Exposure to ultraviolet B (UVB) lamps is a common treatment option. Home treatment requires a small lamp and allows daily use, which is more effective.
Phototherapy with UVA light
UVA treatment is usually conducted in a health care setting. First, the patient takes a drug that increases the skin’s sensitivity to UV light. Then, in a series of treatments, the affected skin is exposed to high doses of UVA light.
In cases of mild vitiligo, the patient can camouflage some of the patches based on skin. You must select the shade that best matches that of the skin.
When the affected area is widespread, covering 50 percent of the body or more, depigmentation may be an option. This reduces the color of the skin in unaffected parts to match the whiter areas.
Corticosteroid ointments are creams containing steroids. Some studies have concluded that the application of topical corticosteroids to the stains can stop the spread of vitiligo. Others reported the complete restoration of the original skin color.
Calcipotriene is a form of vitamin D used as a topical ointment for vitiligo. Can be used with corticosteroids or mild treatment. Side effects include rashes, dry and itchy skin.
Drugs that affect the immune system
Calcineurin-inhibiting ointments can help with minor vitiligo stains. However, there is a connection between these drugs and skin cancer and lymphoma.
Psoralen can be used with UVA or UVB light therapy, as it makes the skin more susceptible to UV light. As the skin heals, a more normal color sometimes returns. It is not recommended for children under 10 years.
In a skin graft, a surgeon carefully removes healthy parts of pigmented skin and uses them to cover areas with vitiligo. This procedure is not very common, because it takes time and can result in scarring in the area where the skin was removed and in the area where it is placed.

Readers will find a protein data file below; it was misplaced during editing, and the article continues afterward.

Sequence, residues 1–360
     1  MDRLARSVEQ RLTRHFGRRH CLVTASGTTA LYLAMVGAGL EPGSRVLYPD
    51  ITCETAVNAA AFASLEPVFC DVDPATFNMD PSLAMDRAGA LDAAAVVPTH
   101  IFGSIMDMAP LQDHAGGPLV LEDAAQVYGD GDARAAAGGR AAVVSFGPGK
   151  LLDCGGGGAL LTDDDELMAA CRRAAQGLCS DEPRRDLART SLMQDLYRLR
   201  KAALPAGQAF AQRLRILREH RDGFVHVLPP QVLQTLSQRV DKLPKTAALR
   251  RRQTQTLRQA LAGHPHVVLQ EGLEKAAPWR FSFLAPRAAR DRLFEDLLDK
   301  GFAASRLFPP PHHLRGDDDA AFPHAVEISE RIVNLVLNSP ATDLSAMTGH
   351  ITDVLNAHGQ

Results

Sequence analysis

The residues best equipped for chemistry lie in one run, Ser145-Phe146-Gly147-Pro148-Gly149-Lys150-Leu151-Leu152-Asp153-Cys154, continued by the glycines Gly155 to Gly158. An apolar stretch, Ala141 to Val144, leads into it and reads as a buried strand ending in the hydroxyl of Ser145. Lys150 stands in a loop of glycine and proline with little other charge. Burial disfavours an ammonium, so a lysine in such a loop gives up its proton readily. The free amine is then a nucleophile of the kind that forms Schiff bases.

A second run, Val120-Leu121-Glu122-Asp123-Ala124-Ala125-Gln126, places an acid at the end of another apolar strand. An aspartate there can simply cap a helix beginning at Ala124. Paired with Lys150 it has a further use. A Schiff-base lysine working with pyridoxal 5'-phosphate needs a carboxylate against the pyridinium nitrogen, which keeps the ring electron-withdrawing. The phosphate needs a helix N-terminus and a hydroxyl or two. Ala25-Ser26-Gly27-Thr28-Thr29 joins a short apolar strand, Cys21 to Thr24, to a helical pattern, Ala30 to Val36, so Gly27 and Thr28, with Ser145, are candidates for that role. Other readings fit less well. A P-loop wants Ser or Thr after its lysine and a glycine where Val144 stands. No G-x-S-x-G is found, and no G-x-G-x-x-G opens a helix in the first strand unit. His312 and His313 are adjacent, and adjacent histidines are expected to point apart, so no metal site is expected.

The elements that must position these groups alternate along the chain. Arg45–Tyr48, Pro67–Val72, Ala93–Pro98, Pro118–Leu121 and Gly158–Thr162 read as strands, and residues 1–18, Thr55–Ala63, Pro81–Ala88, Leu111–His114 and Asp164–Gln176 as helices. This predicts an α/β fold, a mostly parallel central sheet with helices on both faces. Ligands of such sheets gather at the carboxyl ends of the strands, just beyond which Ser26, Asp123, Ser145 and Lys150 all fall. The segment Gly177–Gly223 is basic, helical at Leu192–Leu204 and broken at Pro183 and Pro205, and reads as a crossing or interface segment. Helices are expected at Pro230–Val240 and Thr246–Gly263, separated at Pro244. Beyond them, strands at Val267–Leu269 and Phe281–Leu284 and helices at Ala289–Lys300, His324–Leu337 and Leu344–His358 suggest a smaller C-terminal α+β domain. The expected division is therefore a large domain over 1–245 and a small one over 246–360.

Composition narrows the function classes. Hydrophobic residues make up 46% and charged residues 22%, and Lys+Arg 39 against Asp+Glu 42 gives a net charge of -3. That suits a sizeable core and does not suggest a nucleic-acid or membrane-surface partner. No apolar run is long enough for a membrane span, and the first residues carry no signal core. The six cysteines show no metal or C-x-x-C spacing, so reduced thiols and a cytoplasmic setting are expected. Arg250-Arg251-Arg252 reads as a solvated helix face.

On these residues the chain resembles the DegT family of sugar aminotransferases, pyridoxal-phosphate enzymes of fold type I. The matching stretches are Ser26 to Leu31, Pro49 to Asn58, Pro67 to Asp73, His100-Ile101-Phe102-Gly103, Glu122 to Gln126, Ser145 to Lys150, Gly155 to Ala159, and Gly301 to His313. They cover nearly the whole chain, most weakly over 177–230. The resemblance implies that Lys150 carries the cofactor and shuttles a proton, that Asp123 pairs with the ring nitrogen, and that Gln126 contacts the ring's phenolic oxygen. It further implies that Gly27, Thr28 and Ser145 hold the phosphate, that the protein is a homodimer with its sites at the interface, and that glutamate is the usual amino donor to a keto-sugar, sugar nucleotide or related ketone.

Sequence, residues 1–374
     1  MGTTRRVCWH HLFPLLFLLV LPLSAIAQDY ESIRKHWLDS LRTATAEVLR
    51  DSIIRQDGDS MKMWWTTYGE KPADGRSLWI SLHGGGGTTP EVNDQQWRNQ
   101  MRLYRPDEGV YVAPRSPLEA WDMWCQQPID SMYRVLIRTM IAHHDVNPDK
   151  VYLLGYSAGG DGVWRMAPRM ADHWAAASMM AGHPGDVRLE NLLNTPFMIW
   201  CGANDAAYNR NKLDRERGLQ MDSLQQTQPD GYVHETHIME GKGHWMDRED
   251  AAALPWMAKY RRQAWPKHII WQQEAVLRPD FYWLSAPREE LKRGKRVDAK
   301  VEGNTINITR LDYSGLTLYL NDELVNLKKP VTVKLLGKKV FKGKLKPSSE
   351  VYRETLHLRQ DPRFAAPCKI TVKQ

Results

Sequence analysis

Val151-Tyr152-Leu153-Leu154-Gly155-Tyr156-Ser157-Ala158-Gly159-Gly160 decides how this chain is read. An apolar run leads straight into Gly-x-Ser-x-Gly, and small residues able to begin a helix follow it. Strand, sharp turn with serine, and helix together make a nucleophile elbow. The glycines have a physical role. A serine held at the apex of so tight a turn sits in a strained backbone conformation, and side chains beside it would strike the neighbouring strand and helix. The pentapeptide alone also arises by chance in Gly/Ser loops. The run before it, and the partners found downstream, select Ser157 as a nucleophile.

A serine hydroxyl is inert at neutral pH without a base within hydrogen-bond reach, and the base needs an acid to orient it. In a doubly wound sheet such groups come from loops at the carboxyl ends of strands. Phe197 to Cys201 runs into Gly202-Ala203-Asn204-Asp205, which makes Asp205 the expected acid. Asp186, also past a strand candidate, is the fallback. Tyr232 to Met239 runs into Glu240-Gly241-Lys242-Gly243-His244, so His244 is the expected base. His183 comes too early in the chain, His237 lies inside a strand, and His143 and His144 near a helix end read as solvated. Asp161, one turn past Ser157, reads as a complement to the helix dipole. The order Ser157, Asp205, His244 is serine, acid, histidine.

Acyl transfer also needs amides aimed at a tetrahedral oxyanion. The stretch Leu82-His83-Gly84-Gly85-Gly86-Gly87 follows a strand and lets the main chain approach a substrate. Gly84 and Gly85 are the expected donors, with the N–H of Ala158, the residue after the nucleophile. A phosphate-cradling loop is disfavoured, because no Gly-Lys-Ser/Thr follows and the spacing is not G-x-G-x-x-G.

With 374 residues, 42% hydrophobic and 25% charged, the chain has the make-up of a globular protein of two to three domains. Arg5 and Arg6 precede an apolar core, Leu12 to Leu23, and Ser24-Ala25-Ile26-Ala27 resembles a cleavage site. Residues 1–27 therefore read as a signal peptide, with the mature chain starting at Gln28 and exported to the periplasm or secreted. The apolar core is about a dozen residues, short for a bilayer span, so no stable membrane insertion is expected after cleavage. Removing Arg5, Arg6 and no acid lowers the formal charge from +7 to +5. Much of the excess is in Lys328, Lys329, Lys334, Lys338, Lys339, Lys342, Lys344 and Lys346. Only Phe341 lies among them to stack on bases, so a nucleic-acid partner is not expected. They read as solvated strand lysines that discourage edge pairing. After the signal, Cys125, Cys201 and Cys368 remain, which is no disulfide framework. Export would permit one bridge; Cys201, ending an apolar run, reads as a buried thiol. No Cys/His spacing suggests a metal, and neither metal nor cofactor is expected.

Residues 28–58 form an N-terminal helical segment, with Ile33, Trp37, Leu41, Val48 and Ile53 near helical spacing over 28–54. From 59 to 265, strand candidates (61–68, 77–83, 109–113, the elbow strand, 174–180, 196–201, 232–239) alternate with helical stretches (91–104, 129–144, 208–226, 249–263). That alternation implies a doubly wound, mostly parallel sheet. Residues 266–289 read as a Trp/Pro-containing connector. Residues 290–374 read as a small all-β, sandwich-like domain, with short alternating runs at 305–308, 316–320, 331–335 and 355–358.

Surgery is used to implant pigment into the skin. It works best around the lips, especially on people with darker skin.
Inconveniences can include difficulty matching skin color and the fact that tattoos disappear, but do not tan. Sometimes, skin damage caused by the tattoo can trigger another vitiligo stain.
Is there a cure for Vitiligo?
Unfortunately there is still no cure for vitiligo, however, there are several researches for cure or treatment that have shown promising results.
What complications can Vitiligo cause?
Vitiligo does not develop other diseases, but people with the condition are more likely to experience:
- painful sunburn
- Hearing loss
- changes in vision and tears production
- thyroid problems,
- Addison’s disease
- tireoidite de Hashimoto
- Diabetes type 1
- pernicious anemia
Most people with vitiligo do not have these conditions, but tests can be done to rule them out.
Overcoming Social Challenges
If skin patches are visible, the social stigma of vitiligo can be difficult to deal with. Embarrassment can lead to self-esteem problems and, in some cases, anxiety and depression.
People with darker skin are more likely to face difficulties, because the contrast is greater. In India, vitiligo is known as “white leprosy”. Raising awareness of vitiligo can help people with the condition overcome these difficulties.
See also: Alopecia: Main Causes, Symptoms and Treatments
My name is Dr. Alexis Hart I am 38 years old, I am the mother of 3 beautiful children! Different ages, different phases 16 years, 12 years and 7 years. In love with motherhood since always, I found it difficult to make my dreams come true, and also some more after I was already a mother.
Since I imagined myself as a mother, in my thoughts everything seemed to be much easier and simpler than it really was, I expected to get pregnant as soon as I wished, but it wasn’t that simple. The first pregnancy was smooth, but my daughter’s birth was very troubled. Joana was born in 2002 with a weight of 2930kg and 45cm, from a very peaceful cesarean delivery but she had already been born with congenital pneumonia due to a broken bag not treated with antibiotics even before delivery.